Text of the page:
Tuesday, May 10, 2011

Forgiveness: Recognizing some of the counterfeits

I don't recall Jesus ever saying to someone, "Don't worry about your sins. It's not really a big deal. Everybody does it." And I don't remember him saying, "Nobody's perfect" when speaking to someone who was conscious of sin. (Though he did challenge, "Who among you is without sin?" when speaking to people who were conscious only of someone else's sins.) With Jesus, forgiveness did not come with excuses or a denial that a thing was significantly wrong; it came with redemption. "Go and sin no more."

And Jesus did not forgive so that the memory of being wronged would stop bothering him -- that is, for reasons that had to do with himself. The memory of being wronged may bother us, and may send us looking for how to get rid of the memory of being wronged. But simply forgetting the wrong is one of those so-called shortcuts that doesn't really work, at least not for a wrong that is big enough to make a difference in our lives, a wrong that insists on being noticed.

Forgiveness works together with love. It is firm in its stand that the wrong should stop. It insists that the damage should be repaired as much as possible -- by the person who did the wrong. It asks some positive action or change from the offender -- something to begin to restore the soul not just of the offended but also of the offender.

Forgiveness works to restore the love and trust that were broken. The call to forgiveness is a call to repentance: it calls on the one who broke that bond to take responsibility for himself and admit wrong instead of fleeing to excuses and the blame of others. So those kinds of "forgiveness" where the wrong is excused, and the wrongdoer's actions are explained away, is more of a justification for evil, something that does not deserve the name of forgiveness. That justification of evil only serves to encourage the person in the habit of wrong and to strengthen his judgment that he is blameless for his own actions.

As for forgetting the wrongs that were done us: if the bonds of love and trust are not restored, and the wrong is not called on to stop, and the person is still around but without love or trust -- or redemption -- then it is an incomplete forgiveness, an imperfect forgiveness that has not obtained its goal.


Anastasia Theodoridis said...

Ummm... well, okay, put yourself in the place of Hamlet. Let's say your mother kills your father. If you are a Christian, what should be your response?

The prime thing that is clear to me is, you have to keep on loving your mother. That's imperative.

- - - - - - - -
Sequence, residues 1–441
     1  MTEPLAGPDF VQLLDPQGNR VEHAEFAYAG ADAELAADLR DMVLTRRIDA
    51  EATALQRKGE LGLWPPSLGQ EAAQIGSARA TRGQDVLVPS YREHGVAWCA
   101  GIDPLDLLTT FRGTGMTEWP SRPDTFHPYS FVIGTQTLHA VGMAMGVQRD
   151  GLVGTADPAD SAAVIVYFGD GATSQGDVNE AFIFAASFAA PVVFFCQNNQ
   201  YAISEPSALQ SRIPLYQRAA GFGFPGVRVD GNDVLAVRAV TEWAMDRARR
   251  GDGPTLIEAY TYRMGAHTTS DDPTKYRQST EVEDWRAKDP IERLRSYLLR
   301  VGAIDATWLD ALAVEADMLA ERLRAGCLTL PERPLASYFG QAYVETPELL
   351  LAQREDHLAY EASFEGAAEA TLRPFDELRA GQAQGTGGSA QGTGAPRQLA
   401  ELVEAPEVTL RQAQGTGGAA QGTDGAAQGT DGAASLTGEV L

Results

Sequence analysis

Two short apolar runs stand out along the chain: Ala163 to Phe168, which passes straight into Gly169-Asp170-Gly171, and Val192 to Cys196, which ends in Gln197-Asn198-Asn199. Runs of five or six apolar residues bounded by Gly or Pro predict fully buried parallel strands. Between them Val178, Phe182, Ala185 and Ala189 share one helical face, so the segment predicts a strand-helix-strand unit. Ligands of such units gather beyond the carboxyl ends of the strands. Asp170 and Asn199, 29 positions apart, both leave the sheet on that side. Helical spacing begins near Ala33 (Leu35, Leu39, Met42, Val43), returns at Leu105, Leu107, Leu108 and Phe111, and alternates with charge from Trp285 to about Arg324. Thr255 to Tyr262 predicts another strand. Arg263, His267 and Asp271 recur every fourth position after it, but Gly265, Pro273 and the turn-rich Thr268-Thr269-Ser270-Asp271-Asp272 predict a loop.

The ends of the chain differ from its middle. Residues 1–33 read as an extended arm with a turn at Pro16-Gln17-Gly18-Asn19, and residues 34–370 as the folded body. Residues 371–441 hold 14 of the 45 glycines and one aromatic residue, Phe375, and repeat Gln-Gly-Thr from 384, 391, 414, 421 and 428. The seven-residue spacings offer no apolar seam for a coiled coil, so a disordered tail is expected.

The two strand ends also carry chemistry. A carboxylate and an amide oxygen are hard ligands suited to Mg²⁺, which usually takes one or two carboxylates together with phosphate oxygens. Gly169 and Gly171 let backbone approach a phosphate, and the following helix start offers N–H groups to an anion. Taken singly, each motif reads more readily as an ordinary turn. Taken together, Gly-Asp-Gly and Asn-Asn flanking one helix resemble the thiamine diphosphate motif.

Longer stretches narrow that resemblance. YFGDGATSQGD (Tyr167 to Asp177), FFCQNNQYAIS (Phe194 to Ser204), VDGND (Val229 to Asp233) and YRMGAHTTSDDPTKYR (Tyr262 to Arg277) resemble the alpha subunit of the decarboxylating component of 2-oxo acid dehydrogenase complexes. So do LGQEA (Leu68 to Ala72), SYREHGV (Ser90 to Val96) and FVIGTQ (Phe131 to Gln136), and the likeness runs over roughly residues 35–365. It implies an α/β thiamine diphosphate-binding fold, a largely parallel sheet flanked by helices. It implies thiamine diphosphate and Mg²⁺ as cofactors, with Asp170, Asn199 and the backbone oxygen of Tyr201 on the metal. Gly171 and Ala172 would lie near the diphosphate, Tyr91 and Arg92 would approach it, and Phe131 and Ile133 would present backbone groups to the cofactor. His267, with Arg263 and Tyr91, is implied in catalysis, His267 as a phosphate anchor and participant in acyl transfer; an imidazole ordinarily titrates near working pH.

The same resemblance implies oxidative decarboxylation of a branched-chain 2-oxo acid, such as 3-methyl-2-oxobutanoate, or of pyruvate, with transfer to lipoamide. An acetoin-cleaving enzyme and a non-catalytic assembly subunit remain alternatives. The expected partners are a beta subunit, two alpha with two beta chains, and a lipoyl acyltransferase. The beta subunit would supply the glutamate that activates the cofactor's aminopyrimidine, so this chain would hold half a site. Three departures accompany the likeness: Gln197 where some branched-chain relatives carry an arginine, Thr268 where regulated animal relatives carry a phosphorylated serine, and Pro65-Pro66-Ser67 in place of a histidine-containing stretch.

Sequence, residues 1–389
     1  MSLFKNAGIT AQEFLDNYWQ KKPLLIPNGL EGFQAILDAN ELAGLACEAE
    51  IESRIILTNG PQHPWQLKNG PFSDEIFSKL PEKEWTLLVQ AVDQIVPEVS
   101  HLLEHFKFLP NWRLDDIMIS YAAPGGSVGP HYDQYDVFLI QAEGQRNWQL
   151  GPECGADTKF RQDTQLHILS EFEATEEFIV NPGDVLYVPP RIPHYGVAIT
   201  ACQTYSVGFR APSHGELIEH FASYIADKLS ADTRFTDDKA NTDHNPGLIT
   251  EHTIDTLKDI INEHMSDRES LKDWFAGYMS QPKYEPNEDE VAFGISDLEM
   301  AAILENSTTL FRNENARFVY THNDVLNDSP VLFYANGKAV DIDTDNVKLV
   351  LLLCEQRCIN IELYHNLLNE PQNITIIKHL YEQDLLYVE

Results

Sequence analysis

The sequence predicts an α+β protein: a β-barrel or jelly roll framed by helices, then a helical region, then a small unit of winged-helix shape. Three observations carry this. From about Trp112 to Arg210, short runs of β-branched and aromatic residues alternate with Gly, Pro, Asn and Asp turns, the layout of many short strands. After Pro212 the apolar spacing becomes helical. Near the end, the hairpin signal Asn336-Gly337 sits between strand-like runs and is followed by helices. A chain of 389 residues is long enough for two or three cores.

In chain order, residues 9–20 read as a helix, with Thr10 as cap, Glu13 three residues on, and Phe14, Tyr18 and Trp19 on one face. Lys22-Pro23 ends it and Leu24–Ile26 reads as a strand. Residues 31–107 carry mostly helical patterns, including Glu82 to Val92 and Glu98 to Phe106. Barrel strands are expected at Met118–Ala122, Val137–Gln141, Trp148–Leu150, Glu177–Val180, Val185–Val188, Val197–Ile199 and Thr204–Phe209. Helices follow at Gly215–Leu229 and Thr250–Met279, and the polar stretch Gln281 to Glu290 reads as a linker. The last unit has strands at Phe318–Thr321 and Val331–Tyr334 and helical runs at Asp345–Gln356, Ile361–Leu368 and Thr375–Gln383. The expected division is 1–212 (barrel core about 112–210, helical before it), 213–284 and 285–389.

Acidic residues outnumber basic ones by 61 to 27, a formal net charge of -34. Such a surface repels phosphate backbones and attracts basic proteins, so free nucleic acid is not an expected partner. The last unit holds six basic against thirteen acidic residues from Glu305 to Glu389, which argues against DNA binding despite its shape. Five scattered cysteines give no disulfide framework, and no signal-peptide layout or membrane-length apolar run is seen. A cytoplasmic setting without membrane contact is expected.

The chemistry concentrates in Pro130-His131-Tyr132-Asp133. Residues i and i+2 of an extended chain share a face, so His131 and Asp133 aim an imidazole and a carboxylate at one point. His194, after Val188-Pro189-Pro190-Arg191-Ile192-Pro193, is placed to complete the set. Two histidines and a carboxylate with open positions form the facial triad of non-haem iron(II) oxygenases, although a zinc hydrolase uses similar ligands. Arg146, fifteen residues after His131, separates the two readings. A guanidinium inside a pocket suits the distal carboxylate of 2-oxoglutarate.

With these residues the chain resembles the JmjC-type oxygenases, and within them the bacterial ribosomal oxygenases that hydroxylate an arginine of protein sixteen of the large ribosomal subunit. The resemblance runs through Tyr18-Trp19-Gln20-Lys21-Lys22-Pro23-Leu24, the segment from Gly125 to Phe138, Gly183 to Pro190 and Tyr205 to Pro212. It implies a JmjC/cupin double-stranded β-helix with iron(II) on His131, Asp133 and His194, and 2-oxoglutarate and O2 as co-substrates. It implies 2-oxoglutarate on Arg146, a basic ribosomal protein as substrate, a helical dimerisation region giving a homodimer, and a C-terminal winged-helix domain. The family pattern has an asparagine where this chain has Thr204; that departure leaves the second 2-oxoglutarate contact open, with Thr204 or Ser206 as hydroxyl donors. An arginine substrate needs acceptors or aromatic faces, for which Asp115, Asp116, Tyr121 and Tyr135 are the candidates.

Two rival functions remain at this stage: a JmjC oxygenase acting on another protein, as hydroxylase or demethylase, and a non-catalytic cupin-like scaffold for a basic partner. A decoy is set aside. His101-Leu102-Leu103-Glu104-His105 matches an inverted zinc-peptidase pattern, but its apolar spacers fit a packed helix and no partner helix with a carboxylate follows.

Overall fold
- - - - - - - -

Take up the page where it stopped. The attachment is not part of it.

So, what does that love mean?

Does it mean you forget? No way. Excuse? As if that were possible. Stop being bothered to think of the foul deed? Can't be done and shouldn't, if it could. Call on the other person to stop doing it? Well, the deed is a fait accomplit. Too late to "stop doing it". Explain it away? Don't make me laugh - or rather, weep. Hold her accountable? But it's not to me, a fellow-sinner, she's accountable; it's to God. Call on your mother to repent? Yes, perhaps, but that's a delicate,tricky business, and needs the right time and circumstances.

Suppose she doesn't repent? Then what? Does that make God's forgiveness incomplete or imperfect? Certainly not. We know God's forgiveness extends even to the damned in hell; they aren't there on account of any deficit in God or in His forgiveness! And neither does the offender's impenitence render our forgiveness - a rough copy of God's - imperfect or incomplete.

So I think forgiveness "just" means keep on loving, as God keeps on loving, Whose love is infinite and unconditional. That is, give up unloving, bitter attitude(s) and recover your tenderness of heart toward the other, recognizing yourself and the offender both as victims of a common enemy. And keep on doing good to the other person, for Jesus teaches that God is kind to the unthankful and the wicked.

Anastasia Theodoridis said...

Oh - and another thng a Christian should do re impentitent offenders is avoid them where feasible. Stay out of their way. Duck.

(Trouble is, you can't alays really do that if the offending party is family or co-workers.)

Weekend Fisher said...

It's early so I'm only partially awake. But: If the person never repents is God's forgiveness incomplete of reaching its goal? Well, if its goal is redemption, and the person is eternally lost, then yes God's forgiveness did not reach the goal of their redemption.

That's not God's fault. But his goal was redemption, and that goal was not reached.

LOL, and yes some sins are not likely to be repeated. But most of us struggle with habitual sins.

Take care & God bless
Anne / WF

Martin LaBar said...

Thanks for writing about Jesus and forgiving. I tried commenting earlier, but Blogger was having hiccups.